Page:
In my last post, I talked of things that I had seen hiking, and of the confidence shown by children who had written letters to Winnie-the-Pooh or to the fairies. This post is a little more serious, since I’ve been sidetracked onto an important theme: the importance and power of fiction in real life. With the power of the Internet and social media there are fan clubs everywhere, and sometimes it is hard to draw the boundary between the fictional groups and “real life”. I’ve stuck to a couple of examples following the “letters” theme and a personal example, but it’s really just scratching the surface.
Note: There are spoilers for Harry Potter and some of Tolkien’s works here. But I’m not too concerned as I suspect most interested in them will already have read them.
1. Letters from Father Christmas
When talking about children taking stories as reality, one of the most common examples discussed is Santa Claus: Should we teach children Santa Claus is real, or will that just hurt them later when they realise it’s not true?
My parents never encouraged it, and I’m not sure I ever believed in Santa. However, I understand many children are encouraged to write letters to Santa Claus, though few get a response back. Among those who did get a response were the children of one of my favourite authors, J.R.R. Tolkien:
The letters arrived mysteriously, sometimes dusted with fresh snow, in the fireplace, with the presents, even, rarely, with the postman.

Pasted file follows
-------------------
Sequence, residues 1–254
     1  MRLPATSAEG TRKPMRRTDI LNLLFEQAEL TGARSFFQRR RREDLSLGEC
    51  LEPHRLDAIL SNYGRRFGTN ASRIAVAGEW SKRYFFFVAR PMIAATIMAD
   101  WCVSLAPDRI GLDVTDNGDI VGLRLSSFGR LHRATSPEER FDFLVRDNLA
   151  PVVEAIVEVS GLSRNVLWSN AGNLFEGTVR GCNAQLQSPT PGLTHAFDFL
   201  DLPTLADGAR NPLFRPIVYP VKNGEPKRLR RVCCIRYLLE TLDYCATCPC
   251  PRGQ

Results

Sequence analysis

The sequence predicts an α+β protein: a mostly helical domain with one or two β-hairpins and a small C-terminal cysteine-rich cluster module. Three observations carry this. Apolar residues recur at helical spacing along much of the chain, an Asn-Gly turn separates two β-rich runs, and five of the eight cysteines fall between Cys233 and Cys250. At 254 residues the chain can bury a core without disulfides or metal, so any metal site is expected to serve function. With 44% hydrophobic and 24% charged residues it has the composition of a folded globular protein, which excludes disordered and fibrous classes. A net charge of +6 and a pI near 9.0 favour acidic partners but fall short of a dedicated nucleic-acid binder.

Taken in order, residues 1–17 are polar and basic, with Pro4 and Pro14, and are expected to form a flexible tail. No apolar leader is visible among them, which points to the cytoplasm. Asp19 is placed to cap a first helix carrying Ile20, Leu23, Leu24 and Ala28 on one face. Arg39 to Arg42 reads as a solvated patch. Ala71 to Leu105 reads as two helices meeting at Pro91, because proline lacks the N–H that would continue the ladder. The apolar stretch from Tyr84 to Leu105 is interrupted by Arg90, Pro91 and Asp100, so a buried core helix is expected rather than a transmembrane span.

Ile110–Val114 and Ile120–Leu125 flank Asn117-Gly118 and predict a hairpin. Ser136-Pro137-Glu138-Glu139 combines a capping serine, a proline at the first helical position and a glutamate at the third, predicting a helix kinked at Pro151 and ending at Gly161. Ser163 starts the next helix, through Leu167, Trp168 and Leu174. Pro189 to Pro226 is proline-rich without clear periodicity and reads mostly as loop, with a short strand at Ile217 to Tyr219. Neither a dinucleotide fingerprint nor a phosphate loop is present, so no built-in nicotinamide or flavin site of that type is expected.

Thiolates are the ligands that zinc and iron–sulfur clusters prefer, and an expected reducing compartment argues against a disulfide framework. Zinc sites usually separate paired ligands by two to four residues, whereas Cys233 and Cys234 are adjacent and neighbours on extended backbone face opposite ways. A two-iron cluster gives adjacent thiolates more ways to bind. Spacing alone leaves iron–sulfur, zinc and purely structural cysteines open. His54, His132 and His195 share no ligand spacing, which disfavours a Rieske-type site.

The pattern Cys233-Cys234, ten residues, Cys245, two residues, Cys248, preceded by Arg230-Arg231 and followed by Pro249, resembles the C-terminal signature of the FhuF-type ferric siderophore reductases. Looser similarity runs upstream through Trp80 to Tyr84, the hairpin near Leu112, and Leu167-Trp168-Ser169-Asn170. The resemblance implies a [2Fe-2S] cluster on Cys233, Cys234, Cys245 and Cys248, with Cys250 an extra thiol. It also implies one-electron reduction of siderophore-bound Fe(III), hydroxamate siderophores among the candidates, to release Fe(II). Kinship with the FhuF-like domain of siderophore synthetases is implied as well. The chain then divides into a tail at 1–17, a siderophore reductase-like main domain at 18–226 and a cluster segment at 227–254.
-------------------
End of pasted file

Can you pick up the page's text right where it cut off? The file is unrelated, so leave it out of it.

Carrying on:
Like most of his works, these were published posthumously. Unlike most of his posthumous works, they were probably never intended for publication, and did not go through extensive revision. In fact, if he was anything like me they were probably written late on Christmas Eve. As literary works they lack the complexity of the Lord of the Rings or The Silmarillion, but they are enjoyable.
It all started with a simple letter to John Tolkien in 1920:
But that simple letter started to show what was to come: The envelope had a North Pole postmark and stamp, the letter was handwritten, and pictures were included. They weren’t just letters, they were works of art. In fact, the drawing of Father Christmas has now made its way onto the front cover of several editions of the letters. If ever children could be justified in believing in Father Christmas, the Tolkien children surely could.
The letters continued over the years with more characters added, including the North Polar Bear, Ilbereth the Elf, and a horde of goblins. They documented various humorous disasters up at the North Pole, mostly involving the polar bear, but fortunately each disaster was able to be solved before Christmas Day and Oxford was once more graced with Father Christmas’s presence. And I’m sure they were related to his more serious works. Goblins turned up in the Father Christmas letters at much the same time as they were turning up in The Hobbit. It has even been suggested Father Christmas might have been a partial inspiration for Gandalf (if so, that would be the firework loving wizard of The Hobbit, not the mighty and heavily burdened Mithrandir the White Rider).
This continued for over twenty years, until the final letter to Tolkien’s youngest daughter:
Now I shall have to say goodbye, more or less. I shall not forget you. We always keep the names of our old friends, and their letters; and later on we hope to come back when they are grown up and have house of their own, and children…